Dog owner describes fatal attack on neighbor
LOS ANGELES, California (CNN) -- The San Francisco woman standing trial with her husband because their dogs mauled a neighbor to death described in detail the fatal attack to jurors Monday, and implied the neighbor's actions incited the dog.
Marjorie Knoller, who was with the two, large Presa Canario dogs when they attacked Diane Whipple, 33, is charged with second-degree murder. She and her husband, Robert Noel, are charged with involuntary manslaughter and keeping a mischievous animal that killed a human being.
When Knoller took the stand for the first time Monday, her attorney Nedra Ruiz asked her: "How are you feeling today?"
"I'm feeling awful, just thinking about the horrible way Ms. Whipple died in that hallway caused me great sorrow. I'm in pain for everyone who knew her. My heart goes out to her family and friends," Knoller replied.
She then burst into tears and said Whipple "died a horrible death."
Whipple was returning to her apartment January 26, 2001, carrying groceries, when the two dogs, Bane and Hera, attacked.
The dogs each weighed more than 100 pounds.
In six hours of testimony Monday, Knoller said she had not heavily researched the breed before getting them. She said she knew the dogs were protective, loyal to their owners and had a history of being aggressive, but she thought their temperament would be placid.
Prosecutors alleged that Knoller and Noel, both attorneys, operated a kennel called "Dog of War" with two state prisoners.
Several neighbors have testified that they had complained to the couple that the dogs were aggressive.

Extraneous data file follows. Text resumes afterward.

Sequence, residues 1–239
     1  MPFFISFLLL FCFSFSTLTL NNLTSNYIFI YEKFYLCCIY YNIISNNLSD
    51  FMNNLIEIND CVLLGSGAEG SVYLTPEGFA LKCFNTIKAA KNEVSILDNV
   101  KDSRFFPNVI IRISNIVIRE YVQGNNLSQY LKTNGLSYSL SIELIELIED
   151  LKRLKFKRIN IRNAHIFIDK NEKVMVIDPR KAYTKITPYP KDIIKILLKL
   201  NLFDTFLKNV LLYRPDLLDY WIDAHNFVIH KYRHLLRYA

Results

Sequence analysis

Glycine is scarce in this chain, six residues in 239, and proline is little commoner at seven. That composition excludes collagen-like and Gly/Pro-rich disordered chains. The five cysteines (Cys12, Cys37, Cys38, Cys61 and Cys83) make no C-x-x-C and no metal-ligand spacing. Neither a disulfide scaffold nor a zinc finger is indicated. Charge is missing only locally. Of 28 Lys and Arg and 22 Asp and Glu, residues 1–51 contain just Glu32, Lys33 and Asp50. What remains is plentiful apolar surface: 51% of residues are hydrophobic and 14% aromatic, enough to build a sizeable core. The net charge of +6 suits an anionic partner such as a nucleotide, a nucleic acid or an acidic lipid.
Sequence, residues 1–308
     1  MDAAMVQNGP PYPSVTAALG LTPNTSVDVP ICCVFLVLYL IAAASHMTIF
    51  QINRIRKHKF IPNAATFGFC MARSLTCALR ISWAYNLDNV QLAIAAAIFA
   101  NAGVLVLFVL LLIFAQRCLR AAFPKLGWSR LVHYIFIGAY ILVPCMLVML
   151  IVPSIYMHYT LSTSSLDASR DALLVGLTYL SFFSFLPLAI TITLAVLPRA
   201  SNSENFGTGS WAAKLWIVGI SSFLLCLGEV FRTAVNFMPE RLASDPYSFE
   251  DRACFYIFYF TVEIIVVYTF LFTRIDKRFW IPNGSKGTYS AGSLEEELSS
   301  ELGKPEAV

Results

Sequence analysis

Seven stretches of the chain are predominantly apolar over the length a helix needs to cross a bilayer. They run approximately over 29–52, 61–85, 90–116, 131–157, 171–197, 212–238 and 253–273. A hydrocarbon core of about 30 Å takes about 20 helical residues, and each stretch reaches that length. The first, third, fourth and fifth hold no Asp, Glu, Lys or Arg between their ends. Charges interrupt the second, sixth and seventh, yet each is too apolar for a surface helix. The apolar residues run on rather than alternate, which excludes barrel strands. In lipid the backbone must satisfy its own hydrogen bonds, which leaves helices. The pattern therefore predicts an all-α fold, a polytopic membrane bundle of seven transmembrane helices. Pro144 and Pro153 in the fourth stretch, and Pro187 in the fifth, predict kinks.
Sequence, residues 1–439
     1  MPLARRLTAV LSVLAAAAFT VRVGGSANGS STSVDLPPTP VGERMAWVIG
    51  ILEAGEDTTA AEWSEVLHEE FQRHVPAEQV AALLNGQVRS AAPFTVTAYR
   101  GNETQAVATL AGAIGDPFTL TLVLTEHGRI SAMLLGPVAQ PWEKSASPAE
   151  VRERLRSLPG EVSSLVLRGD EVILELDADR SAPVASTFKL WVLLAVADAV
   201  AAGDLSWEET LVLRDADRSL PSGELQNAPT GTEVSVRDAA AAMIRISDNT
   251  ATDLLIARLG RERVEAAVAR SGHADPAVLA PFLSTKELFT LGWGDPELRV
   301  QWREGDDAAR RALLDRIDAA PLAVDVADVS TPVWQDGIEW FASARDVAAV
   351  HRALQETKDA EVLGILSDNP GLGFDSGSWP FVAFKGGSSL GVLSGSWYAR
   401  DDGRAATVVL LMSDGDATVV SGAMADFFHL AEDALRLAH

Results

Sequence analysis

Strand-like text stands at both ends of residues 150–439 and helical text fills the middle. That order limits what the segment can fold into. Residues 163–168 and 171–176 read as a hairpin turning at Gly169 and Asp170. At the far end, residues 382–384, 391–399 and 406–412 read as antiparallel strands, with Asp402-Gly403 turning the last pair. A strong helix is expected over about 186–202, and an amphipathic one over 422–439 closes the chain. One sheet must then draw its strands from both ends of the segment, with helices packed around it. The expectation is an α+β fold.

In afternoon testimony, Knoller described the attack in detail. The 46-year-old lawyer said she had taken Bane, the male, in an elevator from their sixth-floor apartment to the roof, where he relieved himself.
When they returned, they had begun to enter the apartment when Hera, the female and the smaller of the two, began barking.
At that point, she said, Bane backed across the threshold, turned around and spotted Whipple, who was holding groceries at her apartment door, which was also open.
Bane then moved toward Whipple, though Knoller said she yelled and yanked the leash in a fruitless attempt to restrain him. "I was trying to get him to respond to my command. I was using all the strength in my body. He was determined. He pulled me off my feet, and ran down the hallway."
Knoller said the 120-pound Bane dragged her across the floor and leapt onto Whipple, who weighed 100 pounds, Knoller said.
"I recall feeling this was not a good situation," she added. "I remember pushing Miss Whipple with my right hand into her apartment. We fell face down.
"I said, 'Stay down, don't move.' "
Asked why she did not call 911, she said, "I couldn't control the dog, and I wasn't going to leave Miss Whipple."
Knoller said as she then tried to pull Bane from her neighbor's apartment, Whipple moved toward the doorway and re-entered the hall.
At that point, she said, "He lunges and started to tear at her clothing. I put my body on Miss Whipple and said, 'Don't move.'
"I was trying to move away on my knees. He was pulling me and tearing at her clothing. The only thing I could think to do is place my body between Bane and Miss Whipple."
At one point, "in the process of her wanting me to get off of her, she struck me," Knoller testified. "Bane then bit her on the neck. That's the first time I saw blood."
Knoller said she told Whipple to stay down, that her dog was only trying to protect her.
Bane bit Whipple on her hand, arms, left shoulder, back and chest. As Knoller tried to protect her neighbor, the dog bit her, too, she said, though not as ferociously.
But his attacks on Whipple were unrelenting, Knoller said. "He wouldn't quit." Soon, the neighbor was bleeding profusely.
Whipple's clothes were ripped from her body in the attack. Prosecutors said she died of blood loss and asphyxiation after her trachea was crushed.
Animal control officers have destroyed both dogs.
Knoller's testimony is slated to continue Tuesday. Prosecutor Jim Hammer said he "looks forward to cross-examining Ms. Knoller." He said he wants to ask her about 30 past incidents in which people said the dogs were aggressive toward them.
-- CNN Correspondent Thelma Gutierrez contributed to this report.
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